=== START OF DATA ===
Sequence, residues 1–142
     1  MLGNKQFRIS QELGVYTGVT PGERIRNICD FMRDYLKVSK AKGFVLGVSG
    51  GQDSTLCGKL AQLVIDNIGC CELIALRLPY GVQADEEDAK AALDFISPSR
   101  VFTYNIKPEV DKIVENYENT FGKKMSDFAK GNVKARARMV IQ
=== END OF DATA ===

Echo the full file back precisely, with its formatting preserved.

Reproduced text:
Sequence, residues 1–142
     1  MLGNKQFRIS QELGVYTGVT PGERIRNICD FMRDYLKVSK AKGFVLGVSG
    51  GQDSTLCGKL AQLVIDNIGC CELIALRLPY GVQADEEDAK AALDFISPSR
   101  VFTYNIKPEV DKIVENYENT FGKKMSDFAK GNVKARARMV IQ